• Practice together – our children need to learn how to learn from their books before we ask them to do it independently.  Five in a Row was the curriculum we used in our primary school years and their learning process was this very aspect of learning from books.  These years, reading good picture books, discussing, researching further and recording our learning established a learning habit that the kids were able to take into their independent learning years.
  • Book lists – Initially I created a book list for my kids – ensuring that they had titles covering a variety of subjects and content.  By middle-upper highschool they were able to create their own booklists.
  • Reading Log – This is where they would record the titles that they read, the date, and the subject matter the book covered.
  • Note-taking Bookmark – I like to read with a pencil in hand, and I don’t mind marking the books that I read (if they belong to me), but not all my children where happy with this idea.  So I created a bookmark note-taking sheet: a piece of lined paper, that recorded their notes while they read – doubling up as a bookmark.  By using this piece of paper they always had their notes with them, and once they were done with the book, they filed it in their the relevant section in their binders.  As they grew older they tended to use notebooks but this bookmark worked well for a few years.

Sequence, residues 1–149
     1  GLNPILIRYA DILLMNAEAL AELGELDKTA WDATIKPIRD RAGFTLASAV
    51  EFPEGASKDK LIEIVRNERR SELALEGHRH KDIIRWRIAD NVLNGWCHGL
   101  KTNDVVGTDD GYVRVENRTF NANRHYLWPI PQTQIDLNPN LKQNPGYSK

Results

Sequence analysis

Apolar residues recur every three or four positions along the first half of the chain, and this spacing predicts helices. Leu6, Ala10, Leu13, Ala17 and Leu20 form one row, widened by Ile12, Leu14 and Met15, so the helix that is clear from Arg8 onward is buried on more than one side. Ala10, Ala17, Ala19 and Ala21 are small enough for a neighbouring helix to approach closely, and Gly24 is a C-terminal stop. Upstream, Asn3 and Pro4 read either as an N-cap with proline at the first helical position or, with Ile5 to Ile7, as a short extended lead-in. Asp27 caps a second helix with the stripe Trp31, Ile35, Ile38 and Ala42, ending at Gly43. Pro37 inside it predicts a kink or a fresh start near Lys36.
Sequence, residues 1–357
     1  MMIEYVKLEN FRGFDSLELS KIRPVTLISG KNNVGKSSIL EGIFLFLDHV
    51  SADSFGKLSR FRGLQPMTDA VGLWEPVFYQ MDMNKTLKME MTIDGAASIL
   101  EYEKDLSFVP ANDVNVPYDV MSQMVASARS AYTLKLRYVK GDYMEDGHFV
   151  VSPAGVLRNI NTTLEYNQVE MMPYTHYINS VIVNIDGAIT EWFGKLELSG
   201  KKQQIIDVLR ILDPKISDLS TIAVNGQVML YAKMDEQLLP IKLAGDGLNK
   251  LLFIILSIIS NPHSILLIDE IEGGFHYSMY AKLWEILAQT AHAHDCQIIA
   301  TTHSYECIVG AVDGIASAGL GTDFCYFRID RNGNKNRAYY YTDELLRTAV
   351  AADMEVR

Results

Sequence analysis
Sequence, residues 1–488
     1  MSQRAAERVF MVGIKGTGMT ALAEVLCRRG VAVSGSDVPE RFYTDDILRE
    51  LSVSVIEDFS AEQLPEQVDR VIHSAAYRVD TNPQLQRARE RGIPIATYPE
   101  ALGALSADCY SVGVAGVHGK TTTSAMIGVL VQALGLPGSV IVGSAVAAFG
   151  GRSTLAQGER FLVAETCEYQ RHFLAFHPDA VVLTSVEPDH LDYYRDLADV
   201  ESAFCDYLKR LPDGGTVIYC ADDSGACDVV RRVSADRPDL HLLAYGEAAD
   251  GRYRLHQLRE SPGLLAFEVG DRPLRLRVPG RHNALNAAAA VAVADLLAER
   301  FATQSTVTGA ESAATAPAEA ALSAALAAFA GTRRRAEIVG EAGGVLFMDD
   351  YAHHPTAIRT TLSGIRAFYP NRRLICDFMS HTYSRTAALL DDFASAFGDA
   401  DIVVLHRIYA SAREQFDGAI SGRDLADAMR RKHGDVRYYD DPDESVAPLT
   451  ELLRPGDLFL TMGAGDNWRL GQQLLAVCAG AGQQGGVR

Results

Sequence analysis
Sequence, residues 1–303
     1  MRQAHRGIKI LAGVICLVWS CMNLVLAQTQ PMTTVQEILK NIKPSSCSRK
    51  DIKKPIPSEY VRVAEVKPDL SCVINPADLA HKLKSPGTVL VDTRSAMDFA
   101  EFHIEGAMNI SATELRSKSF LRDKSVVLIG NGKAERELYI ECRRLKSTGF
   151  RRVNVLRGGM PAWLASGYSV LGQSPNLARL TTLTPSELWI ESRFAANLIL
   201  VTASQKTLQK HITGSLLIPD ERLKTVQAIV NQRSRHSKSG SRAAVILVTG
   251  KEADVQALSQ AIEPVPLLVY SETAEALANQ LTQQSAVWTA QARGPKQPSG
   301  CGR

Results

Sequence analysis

• Intentional conversations – I tried to ensure that I talked to my kids about the books they were reading.  I would ask them questions that would prompt them to think – questions beyond general comprehension.  I wanted my kids to glean wisdom (practical application in life because of knowing God).  Often our discussions would then become the basis of any written work they would then undertake.

We have a little motto in our house – never leave home without a book!  Reading has become a way of life for us and the only challenge with this is that there are so many good books, and not enough hours in my day!


Be Intentional

 Every week I'll email an encouragement to stay intentional and relational in all your family life.  But for now, download your set of reminder posters - posters which I've used over the years to remind me to keep my eyes and heart on what is important.